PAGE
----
EUROFER position paper on necessary improvements of the Communities' R&D Policies

Energy intensive industries, and especially the steel industry, provide the material basis of the society. The significant innovative potential of these industries can be a driver of furthur development. In this respect, research and development is an important and necessary facilitator. The actual access of energy intensive industries, and especially the steel industy, to these framework programmes is insufficient in relation to the expected benefits. Against this background Eurofer proposes measures to increase successful participation of energy industries in the Framework Programmes.
The objectives of the Communities' R&D policies are impaired by eccessive administration. Also in this respect Eurofer proposes measures for improvement.

Introduction and background

The importance of the metals industries was recently emphasized by the European Commission (Communication from the European Commission to the Council and the European Parliament on ”The Competitiveness of the Metals Industries, Brussels, 22.2 2008).They play a key role in the industrial structure of most developed economies and in many strongly growing new economies.

Today, metals industries industries and the steel industry in particular have important challenges to meet: CO2 emissions and environment more generally, energy savings, competitiveness in manufacturing green products.

The European steel industry is an indispensable part of the European value chain, developing and manufacturing in Europe thousands of different types of new steel grades and offering a lot of steel solutions for many applications. The steel industry’s output provides the foundation for innovation, durability and energy savings in applications as varied and vital as automotive, construction, medical devices, white goods and energy production including new renewables. Steel is 100% recyclable and therefore a modern material which contributes significantly to the long-term conservation of fundamental resources for future generations.

Steel industry has been widely contributing over the past decades, for example by directly reducing the CO2 emissions and energy consumption linked to upstream processes but also indirectly by providing advanced lighter materials. To further reduce CO2 emissions or save energy in the production processes (= the „upstream“) breakthrough technologies have to be explored and developed as traditional technologies are close to their thermodynamic limits.


Suggestions for structural improvements of the Community's R&D policies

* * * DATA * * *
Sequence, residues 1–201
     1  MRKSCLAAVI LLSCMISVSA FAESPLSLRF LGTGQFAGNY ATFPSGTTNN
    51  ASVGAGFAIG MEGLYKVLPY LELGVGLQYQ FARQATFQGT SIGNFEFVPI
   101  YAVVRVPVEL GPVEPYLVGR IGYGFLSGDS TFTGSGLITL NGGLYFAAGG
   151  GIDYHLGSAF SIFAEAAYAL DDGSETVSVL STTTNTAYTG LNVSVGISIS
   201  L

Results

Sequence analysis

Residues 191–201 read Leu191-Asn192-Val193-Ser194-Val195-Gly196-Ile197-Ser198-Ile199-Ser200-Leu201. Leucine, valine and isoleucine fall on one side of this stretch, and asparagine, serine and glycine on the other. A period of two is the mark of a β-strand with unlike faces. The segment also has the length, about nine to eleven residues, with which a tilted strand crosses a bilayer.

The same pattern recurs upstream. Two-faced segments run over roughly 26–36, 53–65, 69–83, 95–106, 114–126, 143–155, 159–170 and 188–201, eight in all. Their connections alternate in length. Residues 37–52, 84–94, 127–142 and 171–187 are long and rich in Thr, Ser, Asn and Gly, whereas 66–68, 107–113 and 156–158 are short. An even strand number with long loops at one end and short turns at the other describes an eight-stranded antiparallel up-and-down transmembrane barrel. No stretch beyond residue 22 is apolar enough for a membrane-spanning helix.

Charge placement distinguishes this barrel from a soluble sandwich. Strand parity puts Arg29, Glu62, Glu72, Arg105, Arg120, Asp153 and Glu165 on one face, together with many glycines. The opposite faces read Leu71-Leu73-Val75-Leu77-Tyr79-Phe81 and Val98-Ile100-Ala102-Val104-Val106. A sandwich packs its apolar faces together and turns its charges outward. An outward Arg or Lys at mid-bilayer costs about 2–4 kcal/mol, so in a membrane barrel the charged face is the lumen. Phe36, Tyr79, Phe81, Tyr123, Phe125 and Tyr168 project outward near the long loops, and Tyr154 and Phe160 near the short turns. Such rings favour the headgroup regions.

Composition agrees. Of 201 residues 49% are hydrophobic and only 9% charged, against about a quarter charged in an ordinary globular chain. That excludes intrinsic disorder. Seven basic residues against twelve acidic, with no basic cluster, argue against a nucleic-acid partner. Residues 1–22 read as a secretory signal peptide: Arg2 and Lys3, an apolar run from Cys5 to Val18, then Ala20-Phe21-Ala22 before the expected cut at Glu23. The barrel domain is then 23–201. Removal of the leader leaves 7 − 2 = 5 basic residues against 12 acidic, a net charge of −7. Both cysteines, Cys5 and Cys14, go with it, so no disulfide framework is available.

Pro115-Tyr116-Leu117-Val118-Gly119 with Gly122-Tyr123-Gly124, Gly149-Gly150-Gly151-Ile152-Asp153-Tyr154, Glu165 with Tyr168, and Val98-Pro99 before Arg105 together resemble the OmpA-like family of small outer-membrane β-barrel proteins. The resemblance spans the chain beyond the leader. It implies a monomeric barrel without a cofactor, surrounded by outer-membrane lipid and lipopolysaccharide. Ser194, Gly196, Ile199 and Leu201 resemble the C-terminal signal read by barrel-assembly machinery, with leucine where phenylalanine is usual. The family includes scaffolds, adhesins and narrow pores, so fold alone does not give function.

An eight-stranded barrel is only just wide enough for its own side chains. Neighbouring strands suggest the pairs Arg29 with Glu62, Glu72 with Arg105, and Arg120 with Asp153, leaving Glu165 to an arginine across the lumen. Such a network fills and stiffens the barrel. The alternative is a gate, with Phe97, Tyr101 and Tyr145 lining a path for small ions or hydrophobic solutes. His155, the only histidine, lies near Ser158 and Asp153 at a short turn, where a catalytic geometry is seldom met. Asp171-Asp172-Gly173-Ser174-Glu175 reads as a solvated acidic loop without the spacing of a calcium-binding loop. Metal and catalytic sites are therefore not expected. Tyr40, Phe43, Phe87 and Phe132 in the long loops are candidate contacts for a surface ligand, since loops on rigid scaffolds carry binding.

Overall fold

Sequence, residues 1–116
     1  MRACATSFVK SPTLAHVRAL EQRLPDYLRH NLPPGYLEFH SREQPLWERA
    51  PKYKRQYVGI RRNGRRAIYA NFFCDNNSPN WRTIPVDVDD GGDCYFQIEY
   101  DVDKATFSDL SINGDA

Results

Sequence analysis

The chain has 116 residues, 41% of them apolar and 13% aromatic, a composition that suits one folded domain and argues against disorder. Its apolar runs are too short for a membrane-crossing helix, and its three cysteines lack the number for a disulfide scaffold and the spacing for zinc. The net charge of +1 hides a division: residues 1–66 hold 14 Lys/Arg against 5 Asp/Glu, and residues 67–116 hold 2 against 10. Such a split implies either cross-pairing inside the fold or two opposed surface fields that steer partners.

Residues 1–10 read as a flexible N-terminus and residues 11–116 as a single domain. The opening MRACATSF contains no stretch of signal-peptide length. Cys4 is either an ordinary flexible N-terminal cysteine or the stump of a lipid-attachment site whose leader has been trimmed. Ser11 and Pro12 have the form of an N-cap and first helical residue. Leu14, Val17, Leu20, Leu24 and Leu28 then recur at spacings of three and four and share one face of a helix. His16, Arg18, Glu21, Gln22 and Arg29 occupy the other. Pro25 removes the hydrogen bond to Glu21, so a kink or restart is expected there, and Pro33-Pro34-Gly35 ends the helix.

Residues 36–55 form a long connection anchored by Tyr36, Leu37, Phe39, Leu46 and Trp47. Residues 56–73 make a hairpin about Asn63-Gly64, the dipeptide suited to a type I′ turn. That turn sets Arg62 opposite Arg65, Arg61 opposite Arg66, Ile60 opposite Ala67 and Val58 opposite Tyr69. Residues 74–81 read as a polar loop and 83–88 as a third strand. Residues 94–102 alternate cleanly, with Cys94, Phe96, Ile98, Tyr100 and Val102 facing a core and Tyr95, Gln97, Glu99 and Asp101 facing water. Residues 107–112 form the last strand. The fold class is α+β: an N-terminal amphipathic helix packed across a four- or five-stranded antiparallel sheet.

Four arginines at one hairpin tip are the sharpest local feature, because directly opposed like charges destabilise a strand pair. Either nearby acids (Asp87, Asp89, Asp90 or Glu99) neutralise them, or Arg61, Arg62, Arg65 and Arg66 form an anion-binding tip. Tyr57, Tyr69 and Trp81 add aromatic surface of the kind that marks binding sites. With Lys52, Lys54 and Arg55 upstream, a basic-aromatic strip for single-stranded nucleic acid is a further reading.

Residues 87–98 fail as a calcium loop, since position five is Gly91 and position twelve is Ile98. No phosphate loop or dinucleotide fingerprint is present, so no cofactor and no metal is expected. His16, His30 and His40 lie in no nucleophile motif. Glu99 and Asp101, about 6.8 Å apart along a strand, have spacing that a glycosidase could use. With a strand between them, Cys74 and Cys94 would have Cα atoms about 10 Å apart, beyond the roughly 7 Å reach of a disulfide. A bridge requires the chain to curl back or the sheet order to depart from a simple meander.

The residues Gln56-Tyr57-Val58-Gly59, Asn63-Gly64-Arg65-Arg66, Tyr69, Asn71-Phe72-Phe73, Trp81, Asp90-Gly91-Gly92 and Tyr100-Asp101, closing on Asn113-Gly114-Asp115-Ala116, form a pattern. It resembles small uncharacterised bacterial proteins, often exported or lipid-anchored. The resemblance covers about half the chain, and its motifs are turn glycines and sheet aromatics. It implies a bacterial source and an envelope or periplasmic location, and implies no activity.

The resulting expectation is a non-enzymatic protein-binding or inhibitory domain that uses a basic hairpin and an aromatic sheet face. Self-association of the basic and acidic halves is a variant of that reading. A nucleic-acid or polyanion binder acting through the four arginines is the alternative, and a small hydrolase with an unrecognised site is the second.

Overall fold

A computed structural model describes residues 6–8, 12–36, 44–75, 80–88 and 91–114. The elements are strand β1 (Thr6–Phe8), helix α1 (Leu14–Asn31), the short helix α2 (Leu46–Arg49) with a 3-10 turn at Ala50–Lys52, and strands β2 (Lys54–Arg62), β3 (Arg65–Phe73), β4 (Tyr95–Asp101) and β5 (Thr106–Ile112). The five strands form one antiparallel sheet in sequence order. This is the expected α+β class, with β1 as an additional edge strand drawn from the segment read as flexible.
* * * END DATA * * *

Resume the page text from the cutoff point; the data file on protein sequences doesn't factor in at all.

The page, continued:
The R&D programmes are very much focused on long term concepts. While such a strategy is absolutely necessary to support the long term strategies of the Community this is currently accompanied by a negligence of the importance of improvements of the existing technologies and processes. Since long term visions will by definition need a long period of time to implement there is absolute need to invest in improvement of the existing production base.

Today, the European economy has first to maintain its leadership on traditional markets such as engineering, transportation and construction, all of which rely on high performance materials like steel. Evidently, it is important that programmes are strongly geared towards final products and their characteristics and performance. Unfortunately today it is not taken into account to the necessary extent that as a condition for the eventual widespread use of such products and materials also respective production processes must be developed. Additionally, existing processes, which form the current backbone of the economy, must be improved.

Against this background, EUROFER strongly recommends to

  • provide for improved and direct access of energy intensive industry (part of which is the steel industry) to relevant Boards and Programme Committees. Important examples are the “Factories of the Future” program of the R&D PPP initiatives of the Recovery Plan, the “Energy Efficient Buildings” program of the R&D PPP initiatives of the Recovery Plan and the “Green Cars” program of the R&D PPP initiatives of the Recovery Plan,
  • increase the openness of the Working Programmes under the Framework Programmesfor industrial demonstration projects.

Currently, the interaction between the Commission and the Technology Platforms to produce programmes and calls is insufficient. The concepts and issues of the 34 existing and active Technology Platforms are not taken all into consideration and it is not easy to discern by which decision process and overall guiding principles the individual platform contributions to programmes and calls have been chosen. The large number of Technology Platforms and the wide variety of themes they are covering off course make full integration of all these aspects into programs and calls impossible. Against this background, the steel sector is expecting a new approach in the next FP8 programme and a new structure.

  • The starting point should be a strategy, which should be based on the results of an analysis of the questions “What are European challenges of the future?” and “What do we need to reinforce our competitiveness?”. Respective answers should be laid down in a strategy expressed in targets.
  • The contents of programs and calls should be developed by well defined process of comparing these targeted strategies with the Technology Platform research agendas.
  • In this context also the possible benefits of the use of open calls by a bottom up approach should be investigated.
  • This process should include the stakeholders and must be clearly structured.
  • The publication of draft Working Programmes would increase transparency and support stakeholder engagement. Also a positive effect on administrability can be expected (see below).

The steel industry has access to a separate Programme, the Research Fund for Coal and Steel (RFCS). Whilst this program can support the industry especially in very steel specific areas it is not able to substitute inclusion of the steel industry into the more general R&D streams of the Framework Programmes. Tendencies to exclude steel industry from Framework Programmes with reference to the RFCS are entirely unacceptable.

  • An example is the call NMP-2009-4.0-4 in which it was stated that “the chemical, petrochemical and/or iron and steel sectors are not addressed specifically to avoid overlaps with running activities covered by specific calls”. Effectively, these sectors had been excluded from the call. This exclusion is especially strange in light of the call's focus on CO2, because the steel industry with roughly 30 % has the largest share on the overall CO2 emissions of the manufacturing sectors (pulp& paper ~ 4%, glass ~ 2 %, ceramics ~ 2%, cement ~ 24%, refineries ~ 18%).